FLAGSTAFF, Ariz. (AP) — A murder case against a former Northern Arizona University student in a 2015 shooting that killed one person and wounded three others ended in a mistrial Tuesday after a jury deadlocked on the charges.
Steven Jones, 20, was charged with first-degree murder and lesser counts in the shooting near campus that rattled the normally serene school and forested city of Flagstaff.
The attack came days after a rampage at an Oregon community college left nine people dead and brought heightened anxiety nationwide over campus violence.
The Arizona shooting followed a drunken late-night brawl between members of two fraternities.
Jones showed no emotion when Judge Dan Slayton declared the mistrial. Jurors and lawyers for both sides declined comment as they left the courtroom.
Prosecutors now have to decide whether to try Jones again for the shooting.
Prosecutors filed a first-degree murder case against Jones, but the jury also had to weigh the possibility of second-degree murder, manslaughter and negligent homicide, in addition to assault charges related to the three students who were wounded.
The fight started after Jones and two pledges from his fraternity carried out a prank by ringing the doorbell of an apartment and running away. The prank prompted a fight between Jones and students in the apartment from a rival fraternity, and Jones got punched in the face.
Prosecutors say Jones went to his car, retrieved a .40-caliber handgun and opened fire.
Jones, a freshman in the opening weeks of his first semester, said he was acting in self-defense when he shot Colin Brough, 20, in the chest and shoulder.
Prosecutors portrayed Jones as the aggressor and said he simply could have walked away without resorting to gunfire.
Jones said he went back toward the group and fired his gun but didn’t mean to hurt anyone. He testified he fired several shots “to stop the immediate threat that was coming at me.”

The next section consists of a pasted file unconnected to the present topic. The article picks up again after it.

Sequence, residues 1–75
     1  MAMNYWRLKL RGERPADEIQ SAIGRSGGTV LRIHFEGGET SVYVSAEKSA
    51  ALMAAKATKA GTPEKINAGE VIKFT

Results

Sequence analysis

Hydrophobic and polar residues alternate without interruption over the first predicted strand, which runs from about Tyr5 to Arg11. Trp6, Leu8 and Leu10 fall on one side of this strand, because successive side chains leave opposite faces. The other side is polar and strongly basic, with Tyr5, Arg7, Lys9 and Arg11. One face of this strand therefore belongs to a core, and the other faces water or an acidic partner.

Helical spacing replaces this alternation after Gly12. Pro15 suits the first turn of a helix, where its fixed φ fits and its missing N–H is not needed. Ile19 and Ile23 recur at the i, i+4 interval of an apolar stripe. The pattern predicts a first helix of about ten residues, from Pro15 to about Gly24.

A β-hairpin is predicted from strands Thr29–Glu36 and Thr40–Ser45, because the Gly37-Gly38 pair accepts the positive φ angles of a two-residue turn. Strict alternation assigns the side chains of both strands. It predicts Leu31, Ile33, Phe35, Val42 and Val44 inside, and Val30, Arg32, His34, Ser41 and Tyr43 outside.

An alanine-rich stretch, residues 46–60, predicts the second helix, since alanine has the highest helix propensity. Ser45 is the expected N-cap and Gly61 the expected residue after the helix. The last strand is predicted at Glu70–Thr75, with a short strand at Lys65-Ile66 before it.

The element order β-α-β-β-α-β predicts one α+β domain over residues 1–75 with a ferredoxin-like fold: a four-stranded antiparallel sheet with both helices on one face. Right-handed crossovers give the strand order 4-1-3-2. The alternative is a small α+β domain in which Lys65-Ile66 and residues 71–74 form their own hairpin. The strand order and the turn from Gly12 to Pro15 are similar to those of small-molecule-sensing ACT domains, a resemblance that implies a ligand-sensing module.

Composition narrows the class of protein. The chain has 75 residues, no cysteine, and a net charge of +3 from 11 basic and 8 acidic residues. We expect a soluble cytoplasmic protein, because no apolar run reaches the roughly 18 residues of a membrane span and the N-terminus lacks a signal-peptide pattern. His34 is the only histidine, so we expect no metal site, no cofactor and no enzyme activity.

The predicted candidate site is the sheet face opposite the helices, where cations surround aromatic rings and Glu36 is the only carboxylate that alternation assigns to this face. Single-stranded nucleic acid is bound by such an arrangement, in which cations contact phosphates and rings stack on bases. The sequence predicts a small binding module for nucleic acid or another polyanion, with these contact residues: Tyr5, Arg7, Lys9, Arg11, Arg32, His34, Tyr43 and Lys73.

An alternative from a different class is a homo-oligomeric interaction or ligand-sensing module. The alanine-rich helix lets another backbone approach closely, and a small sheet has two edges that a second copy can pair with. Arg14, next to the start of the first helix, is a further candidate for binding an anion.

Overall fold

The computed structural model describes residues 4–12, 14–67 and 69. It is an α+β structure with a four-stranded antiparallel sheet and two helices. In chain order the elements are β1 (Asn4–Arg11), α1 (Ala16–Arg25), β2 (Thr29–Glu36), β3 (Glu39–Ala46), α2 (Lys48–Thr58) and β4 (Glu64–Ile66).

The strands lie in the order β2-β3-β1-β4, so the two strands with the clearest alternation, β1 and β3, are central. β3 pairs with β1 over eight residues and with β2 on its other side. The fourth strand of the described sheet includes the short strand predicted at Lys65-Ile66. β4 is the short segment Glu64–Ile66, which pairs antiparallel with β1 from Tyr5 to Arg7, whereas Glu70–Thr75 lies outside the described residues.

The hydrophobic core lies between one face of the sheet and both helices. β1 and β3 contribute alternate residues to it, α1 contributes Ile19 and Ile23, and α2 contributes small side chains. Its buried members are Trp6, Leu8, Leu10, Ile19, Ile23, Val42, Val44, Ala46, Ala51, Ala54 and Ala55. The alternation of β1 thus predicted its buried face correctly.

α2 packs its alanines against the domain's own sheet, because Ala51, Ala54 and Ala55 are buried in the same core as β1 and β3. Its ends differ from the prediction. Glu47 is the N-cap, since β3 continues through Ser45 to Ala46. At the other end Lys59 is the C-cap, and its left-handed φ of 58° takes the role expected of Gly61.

Nicholas Piring, Kyle Zeintek and Nicholas Prato were wounded. None of the victims was armed.
Brough attended a high school in Annapolis, Maryland, where he played lacrosse, then graduated from a high school in Castle Rock, Colorado, in 2013.
The Coconino County Superior Court jury began its deliberations on April 25, but members were sent home the next day so Slayton could consider a defense motion for a mistrial over a portion of the prosecution’s closing argument.
After a three-day break, deliberations resumed Tuesday but jurors sent a note to Slayton saying they were deadlocked.
Slayton said he sent back a note asking: “Have you reached a verdict on any counts?”
The answer was no and the jury was instructed to review the evidence and resume deliberations until 4 p.m. They reported back to the judge then that they were still at an impasse.
“This court is therefore going to declare a mistrial in this case,” Slayton said.
If prosecutors move forward, Slayton said there will be a hearing in June. He set a tentative trial date of Aug. 1 with the expectation that it would be continued until a later date.
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